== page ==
WASHINGTON — It takes more than a superstorm to derail the U.S. job market.
Employers added 146,000 jobs in November, and the unemployment rate dipped to 7.7 percent, a four-year low, the government said Friday.
Though modest, the job growth was encouraging because it defied disruptions from Superstorm Sandy and employers’ concerns about impending tax increases from the year-end “fiscal cliff.”
Analysts said the job market’s underlying strength suggests that if the White House and Congress can reach a budget deal to avoid the cliff, hiring and economic growth could accelerate next year.
Builders are breaking ground on more homes, which should increase construction hiring. U.S. automakers just enjoyed their best sales month in nearly five years. And a resolution of the fiscal cliff could lead businesses to buy more heavy equipment. That would generate more manufacturing jobs.
“The ground is being prepared for faster growth,” said Nigel Gault, an economist at IHS Global Insight.
Superstorm Sandy, contrary to expectations, dampened job growth only minimally in November, the government said. Job gains were roughly the same as this year’s 150,000 monthly average, and the unemployment rate fell two-tenths of a percentage point to its lowest level since December 2008.
That suggests that fears about the cliff haven’t led employers to cut staff, though they aren’t hiring aggressively, either.
Friday’s report included some discouraging signs. Employers added 49,000 fewer jobs in October and September combined than the government had initially estimated.
The unemployment rate fell even though 122,000 fewer people said they were employed in November. That’s because the number of people working or looking for work fell by 350,000.
All told, 12 million people were unemployed in November, about 230,000 fewer than the previous month. That’s still many more than the 7.6 million who were out of work when the recession officially began in December 2007.
Investors appeared pleased with the report. The Dow Jones industrial average closed up 81 points.
“The good news is not that the labor market is improving rapidly – it isn’t – but that employment growth is holding up despite all the fears over the fiscal cliff,” Gault said.
He estimates that a budget deal would boost the economy’s average monthly job gains to about 200,000 next year.
One company that could step up hiring in 2013 is Ahaus Tool & Engineering in Richmond, Ind., which makes assembly machines for the automotive and power-generation industries.
Kevin Ahaus, the president of the 90-person company and the fourth generation of his family to run it, says the company had its best year ever in the 12 months that ended in September. But since October, sales have leveled off. Many customers are asking for bids but not closing deals, Ahaus said, because of the uncertain economic outlook.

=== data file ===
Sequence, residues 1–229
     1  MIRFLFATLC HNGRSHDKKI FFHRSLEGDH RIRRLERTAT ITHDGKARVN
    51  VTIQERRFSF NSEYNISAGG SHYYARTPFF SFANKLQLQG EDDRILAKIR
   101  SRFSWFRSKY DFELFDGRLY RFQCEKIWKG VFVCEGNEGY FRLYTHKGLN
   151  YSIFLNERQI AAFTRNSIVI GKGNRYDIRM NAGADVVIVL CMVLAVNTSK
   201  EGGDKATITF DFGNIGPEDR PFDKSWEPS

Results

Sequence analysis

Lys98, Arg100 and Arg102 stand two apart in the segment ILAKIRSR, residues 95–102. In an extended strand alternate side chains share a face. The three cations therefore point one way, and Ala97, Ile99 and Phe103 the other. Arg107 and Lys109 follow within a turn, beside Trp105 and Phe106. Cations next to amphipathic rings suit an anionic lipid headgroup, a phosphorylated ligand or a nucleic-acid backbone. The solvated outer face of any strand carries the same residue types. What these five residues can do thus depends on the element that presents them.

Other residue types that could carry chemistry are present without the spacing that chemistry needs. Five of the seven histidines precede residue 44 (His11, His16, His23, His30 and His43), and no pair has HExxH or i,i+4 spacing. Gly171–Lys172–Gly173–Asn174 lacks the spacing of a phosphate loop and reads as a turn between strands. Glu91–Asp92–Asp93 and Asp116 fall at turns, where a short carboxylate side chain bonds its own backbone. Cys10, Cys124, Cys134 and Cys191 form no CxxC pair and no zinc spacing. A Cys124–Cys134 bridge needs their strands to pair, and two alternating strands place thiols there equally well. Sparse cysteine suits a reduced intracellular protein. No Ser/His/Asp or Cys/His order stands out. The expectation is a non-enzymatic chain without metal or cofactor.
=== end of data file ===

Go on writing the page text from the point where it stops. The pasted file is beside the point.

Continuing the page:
That, in turn, is causing him to delay hiring.
“I probably won’t hire anybody until the first of the year because of all the unknowns out there,” he said.
Many analysts thought Sandy would hold back job growth significantly in November because the storm forced restaurants, retailers and other businesses to close in late October and early November.
It didn’t. In part, that’s because the storm struck the East Coast on Oct. 29 – well before the government surveyed businesses about how many people were on their payrolls for pay periods that included Nov. 12.
Most people are paid every two weeks. So the pay period for the survey could have stretched as late as Thanksgiving week. As long as employees worked at least one day during a pay period, the survey counted them as employed.
Yet there were signs that the storm disrupted economic activity in November. Construction employment dropped by 20,000. And weather prevented 369,000 people from getting to work — the most for any month in nearly two years. These workers were still counted as employed.
Retailers added 53,000 positions last month, a sharp gain that likely reflected holiday hiring. Auto manufacturers added nearly 10,000 jobs. But overall manufacturing jobs fell by 7,000, partly a result of 12,000 jobs lost in food manufacturing that likely reflected layoffs at Hostess Brands Inc.
Paul Ashworth, an economist at Capital Economics, noted that hiring by private companies was actually better in October than the government first thought. The overall job figures were revised down for October because governments themselves cut about 38,000 more jobs than was first estimated.
The rebound in housing is leading Georgia Pacific, a paper and wood products company, to hire. It is opening a new plant in South Carolina next year and is filling 140 jobs. So far, it’s received 2,400 applications.
“It’s a little overwhelming from an HR perspective,” said Julie Brehm, the company’s vice president of human resources.
The number of Americans who were working part time in November but wanted full-time work declined. And a measure of discouraged workers – those who wanted a job but hadn’t searched for one in the past month – rose slightly.
Those two groups, plus the 12 million unemployed, make up a broader measure known as “underemployment.” The underemployment rate fell to 14.4 percent in November from 14.6 percent in October.